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What to consider when discussing a post-divorce parenting plan

Effectively co-parenting after a divorce requires an ongoing, conscious effort by both parties. While a parenting plan should be part of every divorce negotiation involving children, there will inevitably be unforeseen situations that arise. A thorough, written agreement can prevent such situations from getting out of hand. Let's take a look at some key points made by Psychologists familiar with divorce that should be included to alleviate unnecessary disputes and damaging impulsive reactions.

First, it should be stated that the parties agree to treat each other with respect at all times. This means speaking to, as well as about, each other in a positive manner. Keep in mind that children, although maybe not present, are always watching and aware. The parent's behavior is the model from which they will learn acceptable social interaction. One parent should never speak negative or condescending words about the other to or in front of a child. This action could have a negative emotional effect on the child.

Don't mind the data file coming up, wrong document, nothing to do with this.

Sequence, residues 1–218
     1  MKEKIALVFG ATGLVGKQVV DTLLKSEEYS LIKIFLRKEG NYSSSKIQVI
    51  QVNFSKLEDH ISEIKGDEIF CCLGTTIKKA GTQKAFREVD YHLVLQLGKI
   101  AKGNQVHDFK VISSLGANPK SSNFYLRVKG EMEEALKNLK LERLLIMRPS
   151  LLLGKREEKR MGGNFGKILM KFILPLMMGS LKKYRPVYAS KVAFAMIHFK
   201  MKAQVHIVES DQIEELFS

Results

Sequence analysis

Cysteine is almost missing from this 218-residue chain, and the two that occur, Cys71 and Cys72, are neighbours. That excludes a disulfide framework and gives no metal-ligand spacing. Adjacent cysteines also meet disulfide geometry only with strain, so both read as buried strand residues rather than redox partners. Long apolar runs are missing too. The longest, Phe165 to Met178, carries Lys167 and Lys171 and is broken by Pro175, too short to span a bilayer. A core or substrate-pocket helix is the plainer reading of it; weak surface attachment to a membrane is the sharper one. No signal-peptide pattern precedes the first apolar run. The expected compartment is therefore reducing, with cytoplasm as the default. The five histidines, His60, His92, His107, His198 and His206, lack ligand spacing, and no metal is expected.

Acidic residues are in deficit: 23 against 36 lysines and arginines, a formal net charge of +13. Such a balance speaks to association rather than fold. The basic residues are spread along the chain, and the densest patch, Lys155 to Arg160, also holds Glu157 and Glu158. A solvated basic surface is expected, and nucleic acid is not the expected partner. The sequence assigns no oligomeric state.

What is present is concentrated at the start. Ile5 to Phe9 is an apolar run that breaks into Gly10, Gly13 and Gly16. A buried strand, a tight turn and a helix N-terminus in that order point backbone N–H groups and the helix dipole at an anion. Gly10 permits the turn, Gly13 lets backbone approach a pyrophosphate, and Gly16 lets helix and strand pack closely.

Second, both parties should agree that the children's needs and best interests comes first. This means that everyone will work together to be accommodating and reasonable based on a schedule that would provide the children with the most routine and stability. Although schedules can be inconvenient at times, both parents agree to be willing to do what it takes to maintain consistency.

Other considerations may be agreeing to be respectful of the other parent's relationship with the child. In other words, when it does not interfere with the well-being of the child, agree to be respectful of differing parenting styles and rules. Agree to always make every effort to be on time when picking up or dropping off a child. In their mind, this shows that a parent values and appreciates the time with them. Always try to maintain open lines of communication with the children. Let them know that even though mom and dad are divorced, that doesn't mean that either ceases to be a parent.

In the midst of a divorce, it can be difficult to think clearly and make sure all bases are covered in a parenting plan. Consider setting up a meeting with a child custody attorney who can answer questions, offer suggestions, and help compose a plan amenable to all parties.

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